In Indonesia, 70% of the population buy products in single-serving sachets, ranging from detergent and shampoo to cooking spices. Many customers purchase these small size portions due to cash constraints, limited storage space and ease of portion control.
However, sachets cannot be recycled, and thus disproportionately end up polluting the natural environment. Indonesia is the second-largest ocean plastic polluter in the world, and less than half of municipal solid waste gets collected. Moreover, oftentimes sachets represent a higher cost per serving, therefore creating a so-called ‘poverty tax’ for the poorest customers who cannot afford to purchase in larger quantities.
Fast-Moving Consumer Goods companies (FMCGs) that provide these products are already facing pressure to reduce their plastic production and have set ambitious targets to do so. Despite this, many still lack concrete, scalable and cost-effective solutions to the challenge.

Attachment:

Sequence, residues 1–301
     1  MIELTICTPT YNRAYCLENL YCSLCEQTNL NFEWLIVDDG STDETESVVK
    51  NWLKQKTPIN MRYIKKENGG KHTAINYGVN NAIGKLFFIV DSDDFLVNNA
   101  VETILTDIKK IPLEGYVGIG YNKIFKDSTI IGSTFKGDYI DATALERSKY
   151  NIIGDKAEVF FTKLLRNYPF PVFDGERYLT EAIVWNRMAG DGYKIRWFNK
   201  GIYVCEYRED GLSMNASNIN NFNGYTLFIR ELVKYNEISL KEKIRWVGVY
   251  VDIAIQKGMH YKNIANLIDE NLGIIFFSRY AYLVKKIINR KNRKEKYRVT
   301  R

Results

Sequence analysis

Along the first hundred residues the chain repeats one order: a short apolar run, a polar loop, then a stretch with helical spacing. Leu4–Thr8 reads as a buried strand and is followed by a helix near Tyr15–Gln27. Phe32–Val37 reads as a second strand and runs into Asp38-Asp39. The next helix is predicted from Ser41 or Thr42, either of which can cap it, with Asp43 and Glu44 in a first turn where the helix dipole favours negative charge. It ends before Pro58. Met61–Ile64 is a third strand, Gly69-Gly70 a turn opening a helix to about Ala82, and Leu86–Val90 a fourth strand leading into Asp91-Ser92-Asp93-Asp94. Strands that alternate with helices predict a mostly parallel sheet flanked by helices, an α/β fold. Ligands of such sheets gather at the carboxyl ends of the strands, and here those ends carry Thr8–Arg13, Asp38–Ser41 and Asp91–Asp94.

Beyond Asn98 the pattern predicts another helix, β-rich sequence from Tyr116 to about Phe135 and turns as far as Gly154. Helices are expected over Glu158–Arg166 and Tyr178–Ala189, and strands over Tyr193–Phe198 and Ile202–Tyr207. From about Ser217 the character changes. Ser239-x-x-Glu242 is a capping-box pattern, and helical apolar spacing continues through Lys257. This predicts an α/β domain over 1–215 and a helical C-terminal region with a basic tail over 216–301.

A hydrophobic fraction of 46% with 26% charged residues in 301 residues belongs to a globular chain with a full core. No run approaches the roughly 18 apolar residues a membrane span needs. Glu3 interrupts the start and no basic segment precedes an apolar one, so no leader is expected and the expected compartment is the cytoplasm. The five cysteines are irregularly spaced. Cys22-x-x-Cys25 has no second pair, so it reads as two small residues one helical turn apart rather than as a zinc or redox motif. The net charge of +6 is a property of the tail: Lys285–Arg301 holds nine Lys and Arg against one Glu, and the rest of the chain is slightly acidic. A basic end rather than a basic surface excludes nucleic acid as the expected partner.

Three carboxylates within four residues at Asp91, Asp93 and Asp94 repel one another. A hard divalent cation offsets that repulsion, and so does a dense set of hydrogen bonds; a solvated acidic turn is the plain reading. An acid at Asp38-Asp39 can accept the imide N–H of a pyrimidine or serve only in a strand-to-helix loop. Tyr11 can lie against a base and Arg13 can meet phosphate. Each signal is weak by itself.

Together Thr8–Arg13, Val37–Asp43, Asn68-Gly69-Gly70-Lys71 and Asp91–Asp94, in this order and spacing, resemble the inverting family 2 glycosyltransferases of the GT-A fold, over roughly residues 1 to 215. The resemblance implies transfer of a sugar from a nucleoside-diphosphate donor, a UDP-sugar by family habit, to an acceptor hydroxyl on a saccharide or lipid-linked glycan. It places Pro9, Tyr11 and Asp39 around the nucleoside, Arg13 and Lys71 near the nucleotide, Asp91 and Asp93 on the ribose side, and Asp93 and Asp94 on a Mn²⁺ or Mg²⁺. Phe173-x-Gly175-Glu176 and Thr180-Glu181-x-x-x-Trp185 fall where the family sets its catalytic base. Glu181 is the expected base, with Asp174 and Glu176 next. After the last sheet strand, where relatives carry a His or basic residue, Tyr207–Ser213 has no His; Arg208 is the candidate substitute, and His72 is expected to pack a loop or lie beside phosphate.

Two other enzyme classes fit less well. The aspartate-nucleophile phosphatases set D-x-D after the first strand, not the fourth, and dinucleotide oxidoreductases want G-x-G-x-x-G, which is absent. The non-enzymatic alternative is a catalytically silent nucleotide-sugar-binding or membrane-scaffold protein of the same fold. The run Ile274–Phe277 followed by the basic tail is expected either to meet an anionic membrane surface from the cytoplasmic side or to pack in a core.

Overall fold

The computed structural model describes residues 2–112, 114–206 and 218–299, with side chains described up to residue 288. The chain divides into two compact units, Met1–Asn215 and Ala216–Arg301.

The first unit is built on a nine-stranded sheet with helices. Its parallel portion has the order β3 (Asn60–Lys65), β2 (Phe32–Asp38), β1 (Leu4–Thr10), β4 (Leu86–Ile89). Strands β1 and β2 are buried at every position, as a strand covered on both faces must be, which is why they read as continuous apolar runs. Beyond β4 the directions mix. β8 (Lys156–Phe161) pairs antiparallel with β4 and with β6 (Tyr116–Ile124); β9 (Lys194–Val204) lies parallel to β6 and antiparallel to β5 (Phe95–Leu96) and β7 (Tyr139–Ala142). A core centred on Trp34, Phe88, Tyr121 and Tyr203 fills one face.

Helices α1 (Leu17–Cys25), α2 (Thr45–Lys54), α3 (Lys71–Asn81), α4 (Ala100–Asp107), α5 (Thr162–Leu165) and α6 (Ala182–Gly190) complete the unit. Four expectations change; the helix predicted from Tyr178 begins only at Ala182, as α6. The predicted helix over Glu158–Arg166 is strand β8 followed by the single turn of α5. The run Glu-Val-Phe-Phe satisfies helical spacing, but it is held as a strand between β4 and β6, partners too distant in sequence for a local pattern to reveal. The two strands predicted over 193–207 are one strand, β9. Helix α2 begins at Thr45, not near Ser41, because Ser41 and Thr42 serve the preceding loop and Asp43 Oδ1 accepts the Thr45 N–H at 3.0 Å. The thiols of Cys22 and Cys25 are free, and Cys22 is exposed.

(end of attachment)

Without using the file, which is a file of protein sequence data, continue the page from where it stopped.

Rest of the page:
Siklus aims to be the next, sustainable generation of retail. Siklus sets up refill tricycles and vending machines, cutting out plastic at the source and focusing on low-income consumers, who make the majority of purchases. Customers purchase small quantities of goods in reusable containers, whilst paying a lower per-unit price due to reduced costs in distribution and packaging. They can bring their own containers or purchase reusable containers designed to suit their needs.
Using an app and Internet of Things (IoT) approach, the partnership will track product stock and provide data analytics to brands. The partnership will also undertake a needs analysis to ensure that expansion is prioritized to regions with poor waste management systems therefore maximizing the impact.
The partnership expects to save 160 million sachets during the partnership, enough to cover 100 football fields with sachets, which translates to forty million fewer sachets in the ocean. This reduction in plastic use will also lead to over USD $2.5 million in cost savings for customers and their families, who represent some of the most economically vulnerable populations in Indonesia.
Greeneration Foundation, Siklus, The Environmental Department of Jakarta and Bandung, Udayana University Faculty of Marine Sciences and Fisheries